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City Child Care Cuts Decried

110 day care centers expected to close

By Angela Wang
Epoch Times Staff
Created: June 9, 2011 Last Updated: June 9, 2011
Related articles: United States » New York City
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STORY TIME: On his visit on Thursday, the city's Public Advocate Bill de Blasio reads a story called 'Froggy' to the children at the Little People's Retreat day care center. (Angela Wang/Epoch Times Staff)

STORY TIME: On his visit on Thursday, the city's Public Advocate Bill de Blasio reads a story called 'Froggy' to the children at the Little People's Retreat day care center. (Angela Wang/Epoch Times Staff)

NEW YORK—As group after group gets in line to decry funding cuts, the next affected group is perhaps the saddest: preschool children.

New York City Public Advocate Bill de Blasio visited the Little People’s Retreat Group Day Care in Brooklyn on Thursday and expressed his concerns over the mayor’s decision to cut funding on child care programs.

As each child introduced him or herself, Linnette Ebanks, day care provider of the center, told the public advocate that cuts on funding in the previous years have forced her to shop on coupons and bargains to maintain meals for the children. With limited funding for hiring staff members, her typical work day is 11 hours long, and she calls herself “underpaid and overworked.”

“I’m rich in the fact that I love all these children and work for them wholeheartedly,” said Ebanks, who has worked in her own child care center for 9 years, but, she concluded “we need the funding, the parents need the funding.”

The city faces a $3 billion budget gap and is making cuts across the board, including to publicly provided child care. While other New York cities may or may not provide child care or preschool, many low-income families in the city depend upon it.
Given the circumstances, the mayor’s office defended Mayor Michael Bloomberg’s treatment of child care. The office stated that Bloomberg’s budget restored 16,000 slots for child care programs that were initially put on the chopping block, and that all children enrolled in 2011 will be able to enroll in 2012.

The overall number, however, will shrink since a large number of children currently enrolled will go off to kindergarten and won’t need child care.

GIFTS: Public Advocate Bill de Blasio on Thursday donates books to the children at the Little People's Retreat day care center. (Angela Wang/Epoch Times Staff)

GIFTS: Public Advocate Bill de Blasio on Thursday donates books to the children at the Little People's Retreat day care center. (Angela Wang/Epoch Times Staff)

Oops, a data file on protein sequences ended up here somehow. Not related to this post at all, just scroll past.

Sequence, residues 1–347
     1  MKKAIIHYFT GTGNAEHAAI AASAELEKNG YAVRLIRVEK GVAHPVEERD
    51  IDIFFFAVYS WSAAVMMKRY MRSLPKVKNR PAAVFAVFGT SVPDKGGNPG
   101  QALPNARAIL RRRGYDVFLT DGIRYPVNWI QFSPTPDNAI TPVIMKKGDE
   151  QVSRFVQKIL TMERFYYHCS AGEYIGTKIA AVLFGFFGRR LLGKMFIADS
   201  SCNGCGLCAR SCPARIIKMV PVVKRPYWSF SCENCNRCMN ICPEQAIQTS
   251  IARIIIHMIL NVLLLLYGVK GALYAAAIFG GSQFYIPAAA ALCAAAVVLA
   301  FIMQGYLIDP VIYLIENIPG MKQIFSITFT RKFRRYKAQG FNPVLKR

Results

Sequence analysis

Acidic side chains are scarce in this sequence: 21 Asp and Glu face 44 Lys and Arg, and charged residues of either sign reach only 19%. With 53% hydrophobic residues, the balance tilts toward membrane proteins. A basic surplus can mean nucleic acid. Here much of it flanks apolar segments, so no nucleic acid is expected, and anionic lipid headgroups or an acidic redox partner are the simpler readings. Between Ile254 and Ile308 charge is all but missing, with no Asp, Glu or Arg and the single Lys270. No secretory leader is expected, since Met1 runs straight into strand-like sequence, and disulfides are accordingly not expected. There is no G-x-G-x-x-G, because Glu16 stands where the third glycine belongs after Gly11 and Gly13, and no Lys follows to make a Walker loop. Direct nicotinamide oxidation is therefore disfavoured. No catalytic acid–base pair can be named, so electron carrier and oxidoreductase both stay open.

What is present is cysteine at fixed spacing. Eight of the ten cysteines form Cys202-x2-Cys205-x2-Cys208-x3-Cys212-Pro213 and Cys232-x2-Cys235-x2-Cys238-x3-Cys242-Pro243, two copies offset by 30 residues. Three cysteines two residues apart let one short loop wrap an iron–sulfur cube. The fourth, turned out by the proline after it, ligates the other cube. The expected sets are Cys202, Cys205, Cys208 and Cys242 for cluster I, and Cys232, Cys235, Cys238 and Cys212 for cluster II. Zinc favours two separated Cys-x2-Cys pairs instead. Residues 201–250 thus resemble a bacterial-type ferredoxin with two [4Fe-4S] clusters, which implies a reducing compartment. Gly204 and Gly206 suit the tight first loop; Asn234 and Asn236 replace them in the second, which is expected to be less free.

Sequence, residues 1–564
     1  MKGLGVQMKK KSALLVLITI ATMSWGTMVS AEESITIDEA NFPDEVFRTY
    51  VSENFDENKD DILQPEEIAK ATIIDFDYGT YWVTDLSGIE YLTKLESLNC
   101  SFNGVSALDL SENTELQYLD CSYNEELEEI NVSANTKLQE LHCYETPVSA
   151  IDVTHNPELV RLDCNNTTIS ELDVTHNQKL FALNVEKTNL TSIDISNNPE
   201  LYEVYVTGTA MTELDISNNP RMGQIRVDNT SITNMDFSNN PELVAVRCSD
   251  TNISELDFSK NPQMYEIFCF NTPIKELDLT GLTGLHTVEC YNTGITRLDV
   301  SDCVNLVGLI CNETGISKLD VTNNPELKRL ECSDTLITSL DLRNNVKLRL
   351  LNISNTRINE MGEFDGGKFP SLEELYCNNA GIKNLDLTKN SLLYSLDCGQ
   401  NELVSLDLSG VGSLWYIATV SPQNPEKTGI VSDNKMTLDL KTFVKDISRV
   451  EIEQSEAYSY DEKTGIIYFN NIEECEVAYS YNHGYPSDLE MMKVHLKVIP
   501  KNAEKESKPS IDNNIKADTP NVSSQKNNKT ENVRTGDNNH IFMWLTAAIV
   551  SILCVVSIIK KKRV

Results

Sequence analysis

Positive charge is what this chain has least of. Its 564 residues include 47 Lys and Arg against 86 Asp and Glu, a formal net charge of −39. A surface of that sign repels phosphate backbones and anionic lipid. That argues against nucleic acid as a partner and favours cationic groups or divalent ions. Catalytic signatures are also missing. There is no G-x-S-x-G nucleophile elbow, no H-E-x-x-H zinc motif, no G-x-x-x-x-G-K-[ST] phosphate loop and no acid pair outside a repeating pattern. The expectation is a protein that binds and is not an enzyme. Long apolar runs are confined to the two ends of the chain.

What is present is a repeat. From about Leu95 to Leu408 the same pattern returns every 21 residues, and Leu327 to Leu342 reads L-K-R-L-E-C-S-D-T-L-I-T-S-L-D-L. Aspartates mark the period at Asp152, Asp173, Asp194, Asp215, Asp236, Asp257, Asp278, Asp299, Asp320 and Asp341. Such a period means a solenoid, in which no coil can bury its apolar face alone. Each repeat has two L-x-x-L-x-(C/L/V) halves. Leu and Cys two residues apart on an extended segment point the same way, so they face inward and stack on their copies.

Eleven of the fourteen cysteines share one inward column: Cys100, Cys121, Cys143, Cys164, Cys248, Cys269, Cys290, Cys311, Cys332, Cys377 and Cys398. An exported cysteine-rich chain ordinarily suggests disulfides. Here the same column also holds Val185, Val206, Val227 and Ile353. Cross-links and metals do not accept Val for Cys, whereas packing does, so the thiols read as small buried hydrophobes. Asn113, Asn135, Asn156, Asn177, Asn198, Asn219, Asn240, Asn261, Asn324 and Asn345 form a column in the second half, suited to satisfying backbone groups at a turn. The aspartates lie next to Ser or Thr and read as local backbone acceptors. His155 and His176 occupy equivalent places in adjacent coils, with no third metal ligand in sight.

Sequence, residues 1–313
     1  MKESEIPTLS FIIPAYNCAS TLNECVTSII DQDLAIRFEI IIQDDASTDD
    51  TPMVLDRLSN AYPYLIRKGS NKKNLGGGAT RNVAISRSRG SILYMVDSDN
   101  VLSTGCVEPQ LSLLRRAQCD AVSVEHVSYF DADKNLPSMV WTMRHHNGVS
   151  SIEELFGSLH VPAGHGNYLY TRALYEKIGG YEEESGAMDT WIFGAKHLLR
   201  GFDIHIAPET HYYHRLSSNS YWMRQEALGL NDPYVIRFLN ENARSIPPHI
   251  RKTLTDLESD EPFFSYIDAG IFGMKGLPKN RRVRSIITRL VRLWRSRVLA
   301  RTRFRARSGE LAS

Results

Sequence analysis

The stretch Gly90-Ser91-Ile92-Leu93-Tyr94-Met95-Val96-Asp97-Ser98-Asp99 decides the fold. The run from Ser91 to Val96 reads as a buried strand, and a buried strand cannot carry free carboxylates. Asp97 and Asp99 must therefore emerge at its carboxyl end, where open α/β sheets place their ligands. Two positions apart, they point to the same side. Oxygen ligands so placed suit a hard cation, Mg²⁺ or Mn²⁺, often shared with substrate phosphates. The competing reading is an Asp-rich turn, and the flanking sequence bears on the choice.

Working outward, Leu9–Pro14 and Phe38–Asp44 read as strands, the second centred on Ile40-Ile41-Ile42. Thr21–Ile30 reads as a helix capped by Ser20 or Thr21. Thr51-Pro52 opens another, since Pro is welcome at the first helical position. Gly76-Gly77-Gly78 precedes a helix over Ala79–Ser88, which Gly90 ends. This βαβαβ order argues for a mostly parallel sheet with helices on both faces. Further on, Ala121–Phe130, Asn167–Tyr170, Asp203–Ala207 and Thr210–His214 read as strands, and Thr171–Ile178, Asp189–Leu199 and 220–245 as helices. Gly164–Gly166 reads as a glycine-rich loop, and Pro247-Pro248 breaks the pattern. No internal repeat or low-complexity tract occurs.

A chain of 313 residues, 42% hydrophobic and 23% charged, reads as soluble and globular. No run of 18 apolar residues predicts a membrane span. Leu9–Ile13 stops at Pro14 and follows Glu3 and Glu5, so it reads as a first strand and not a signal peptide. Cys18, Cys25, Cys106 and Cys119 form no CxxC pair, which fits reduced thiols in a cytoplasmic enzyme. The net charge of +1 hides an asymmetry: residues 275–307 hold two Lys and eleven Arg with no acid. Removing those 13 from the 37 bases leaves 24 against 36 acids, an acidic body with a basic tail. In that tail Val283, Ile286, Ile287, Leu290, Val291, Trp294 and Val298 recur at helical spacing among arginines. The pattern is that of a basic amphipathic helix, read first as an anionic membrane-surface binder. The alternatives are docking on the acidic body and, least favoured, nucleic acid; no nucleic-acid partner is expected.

The public advocate’s office estimated that a cut of $57 million will lead to the closures of 110 day care centers across the city. If day care centers like the one Ebanks runs closes, the children’s working class parents will either have to struggle with squeezing them into the already limited pool of child care slots or quit their day jobs to stay home with their children.

“Based on my experience, when you lose a child care center, it never comes back,” said de Blasio. “It’s going to harm the communities that have been suffering the whole time.”

Like the Little People’s Retreat, many day care centers focus on giving children the right intellectual preparation for primary school. At age 3-5, the children learn math, spelling, and grammar. Ebanks noted that many of the children who graduate from the center have proceeded to gifted programs and appear better prepared than children who do not attend preschool programs.

“Our programs need real money that can be spent on proper classroom supplies, book and program enhancements, as well as decent wages for the workers and financial support for professional development and training," said an earlier statement by Tammie Miller, chairwoman of the United Federal Teachers’ Family Child Care Providers Chapter.

Miller said that the mayor’s proposed solution of enhancing afterschool programs will not solve the problem. “Preschoolers need to prepare for school. Afterschool does not serve that purpose, nor does it give nutritious meals. Children need stability and continuity of care.”

Increasing costs and decreasing state and federal resources were reasons for the cut on child care, according to the city’s Administration for Children’s Services.

“We all understand that it is a difficult time for the city. But as we look more and more into the budget, it is very questionable whether these cuts need to be made. Even if you believe that there is some economy, this is a counterproductive way to do it,” said de Blasio.




   

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